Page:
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This paper investigates the impact of legalized prostitution on human trafficking inflows. According to economic theory, there are two opposing effects of unknown magnitude. The scale effect of legalized prostitution leads to an expansion of the prostitution market, increasing human trafficking, while the substitution effect reduces demand for trafficked women as legal prostitutes are favored over trafficked ones. Our empirical analysis for a cross-section of up to 150 countries shows that the scale effect dominates the substitution effect. On average, countries where prostitution is legal experience larger reported human trafficking inflows.
... If the role of the girl or woman is no more than to bear children and to provide satisfaction and services to males, education of girls may not enhance the perceived benefits to men, who are the "strong" and dominate the women, who are the "weak". Women can then also become objects to be purchased for use and traded (Di Tommaso et al., 2009). The uses to which women are subjected may therefore not require education. ...
Article
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We investigate empirically whether political institutions or culture and religion underlie gender inequality in education. The dataset contains up to 157 countries over the 1991-2006 period. The results indicate that political institutions do not significantly influence education of girls: autocratic regimes do not discriminate against girls in denying educational opportunities and democracies do not discriminate by gender when providing educational opportunities. The primary influence on gender inequality in education is through culture and religion. Discrimination against girls is especially pronounced in Muslim dominated countries.
... One part of the literature focuses on the impact and effectiveness of policies combating human trafficking (Di Tommaso et al., 2009;Akee et al., 2014;Avdeyeva, 2010;Simmons and Lloyd, 2010;Cho and Vadlamannati, 2012). In line with this strand of research, Cho et al. (2014) have developed an anti-trafficking policy index measuring the three main dimensions of the fight against trafficking: prosecution, protection and prevention. ...
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Globalization is the tighter integration of the world’s economies and societies through trade, capital and migration flows, and diffusion of ideas. Advances in these areas pose a multitude of challenges on individuals, the nation states, as well as the international community. The motivation to address challenges of globalization for international mobility, social welfare and environmental sustainability from an economic perspective arises from the wish to structure and understand these complex, yet poorly studied phenomena. For that reason each chapter establishes clear hypotheses which are based on economic models explaining the incentive structure of agents or the political economy of institutions. Each empirical analysis uses existing macroeconomic observational evidence to test the predictions and establish meaningful implications for the relevant actors. Taking the multitude of challenges posed by globalization into account, this dissertation contributes to the understanding of three challenges contemporary global politics is facing.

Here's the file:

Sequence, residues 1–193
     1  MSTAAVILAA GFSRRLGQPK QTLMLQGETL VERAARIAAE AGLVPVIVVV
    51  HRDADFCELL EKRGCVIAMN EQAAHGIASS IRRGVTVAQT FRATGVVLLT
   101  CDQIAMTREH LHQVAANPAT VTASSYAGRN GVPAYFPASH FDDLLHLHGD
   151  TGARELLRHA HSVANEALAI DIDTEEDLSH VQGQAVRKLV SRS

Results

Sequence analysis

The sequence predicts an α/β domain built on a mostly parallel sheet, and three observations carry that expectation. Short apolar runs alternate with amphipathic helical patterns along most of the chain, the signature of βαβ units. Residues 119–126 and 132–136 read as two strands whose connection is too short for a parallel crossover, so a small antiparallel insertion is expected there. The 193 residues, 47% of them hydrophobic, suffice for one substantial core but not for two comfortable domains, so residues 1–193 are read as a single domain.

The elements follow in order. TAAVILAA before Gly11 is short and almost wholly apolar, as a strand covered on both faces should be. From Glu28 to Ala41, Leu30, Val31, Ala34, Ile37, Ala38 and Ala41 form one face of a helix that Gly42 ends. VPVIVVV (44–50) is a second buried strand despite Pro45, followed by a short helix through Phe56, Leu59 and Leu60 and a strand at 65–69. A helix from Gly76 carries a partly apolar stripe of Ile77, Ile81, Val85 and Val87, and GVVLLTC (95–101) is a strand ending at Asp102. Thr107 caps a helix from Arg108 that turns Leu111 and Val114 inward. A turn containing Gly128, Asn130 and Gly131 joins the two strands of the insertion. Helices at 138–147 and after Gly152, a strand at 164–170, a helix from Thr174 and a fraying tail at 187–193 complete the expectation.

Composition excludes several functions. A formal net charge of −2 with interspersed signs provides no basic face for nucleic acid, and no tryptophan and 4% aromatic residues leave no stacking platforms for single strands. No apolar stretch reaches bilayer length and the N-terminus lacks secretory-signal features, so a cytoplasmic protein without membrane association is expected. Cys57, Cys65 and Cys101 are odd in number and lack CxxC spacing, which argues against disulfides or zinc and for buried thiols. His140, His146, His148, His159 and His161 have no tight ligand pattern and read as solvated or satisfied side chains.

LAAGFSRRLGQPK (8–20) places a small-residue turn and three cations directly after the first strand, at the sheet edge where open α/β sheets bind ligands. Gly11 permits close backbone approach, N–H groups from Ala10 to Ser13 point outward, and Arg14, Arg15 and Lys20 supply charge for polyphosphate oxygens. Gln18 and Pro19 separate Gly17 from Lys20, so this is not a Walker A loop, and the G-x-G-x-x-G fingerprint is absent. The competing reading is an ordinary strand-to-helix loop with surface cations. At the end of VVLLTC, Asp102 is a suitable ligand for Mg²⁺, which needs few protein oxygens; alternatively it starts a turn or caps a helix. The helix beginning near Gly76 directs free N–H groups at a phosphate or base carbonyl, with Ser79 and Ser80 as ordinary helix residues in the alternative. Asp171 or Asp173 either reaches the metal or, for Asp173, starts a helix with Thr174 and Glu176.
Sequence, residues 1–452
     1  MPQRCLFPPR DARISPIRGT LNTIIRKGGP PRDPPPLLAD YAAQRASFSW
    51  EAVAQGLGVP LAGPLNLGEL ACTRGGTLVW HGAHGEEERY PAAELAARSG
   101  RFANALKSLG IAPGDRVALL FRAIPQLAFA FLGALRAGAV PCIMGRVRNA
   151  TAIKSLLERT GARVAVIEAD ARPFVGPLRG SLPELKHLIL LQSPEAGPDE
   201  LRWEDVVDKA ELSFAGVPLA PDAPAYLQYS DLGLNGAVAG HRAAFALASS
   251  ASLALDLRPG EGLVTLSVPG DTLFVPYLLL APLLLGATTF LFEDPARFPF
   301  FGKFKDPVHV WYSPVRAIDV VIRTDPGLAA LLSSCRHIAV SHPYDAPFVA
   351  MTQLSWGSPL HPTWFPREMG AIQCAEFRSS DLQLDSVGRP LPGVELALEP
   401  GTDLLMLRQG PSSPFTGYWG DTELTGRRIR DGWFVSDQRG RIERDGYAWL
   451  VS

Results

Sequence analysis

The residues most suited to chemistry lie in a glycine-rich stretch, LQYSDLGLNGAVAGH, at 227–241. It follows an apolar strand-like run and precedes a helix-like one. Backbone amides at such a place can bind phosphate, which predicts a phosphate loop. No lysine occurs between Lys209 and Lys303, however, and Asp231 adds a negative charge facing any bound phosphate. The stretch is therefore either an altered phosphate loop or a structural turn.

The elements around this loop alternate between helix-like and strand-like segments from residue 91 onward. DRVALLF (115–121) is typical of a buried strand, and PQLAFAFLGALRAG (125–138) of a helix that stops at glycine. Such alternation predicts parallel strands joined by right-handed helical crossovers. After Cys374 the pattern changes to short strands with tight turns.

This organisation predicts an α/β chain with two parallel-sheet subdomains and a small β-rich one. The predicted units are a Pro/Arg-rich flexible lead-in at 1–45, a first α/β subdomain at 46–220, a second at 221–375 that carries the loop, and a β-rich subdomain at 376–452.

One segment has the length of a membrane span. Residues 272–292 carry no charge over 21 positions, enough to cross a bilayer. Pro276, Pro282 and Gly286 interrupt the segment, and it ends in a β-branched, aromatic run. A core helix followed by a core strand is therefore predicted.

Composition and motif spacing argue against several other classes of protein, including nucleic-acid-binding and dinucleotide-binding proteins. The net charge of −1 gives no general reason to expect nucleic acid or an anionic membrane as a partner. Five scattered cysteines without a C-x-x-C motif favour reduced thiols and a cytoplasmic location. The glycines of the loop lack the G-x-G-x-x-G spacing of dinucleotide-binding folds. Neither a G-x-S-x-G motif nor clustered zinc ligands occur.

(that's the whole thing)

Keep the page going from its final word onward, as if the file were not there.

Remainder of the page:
... The feminist movement has skillfully utilized these values not only to publicize but also to challenge the devastating effects of discrimination and exploitation on women's health and well being (Larson 1993). The lack of rights as well as experience of violence are so pervasive that the freedom from these constraints came to be expressed in terms of sexual freedom (Di Tommaso et al. 2009). The concept of sexual freedom is therefore rooted in the experience of being a woman with observable indicators of sexual exploitation and rights deprivation. ...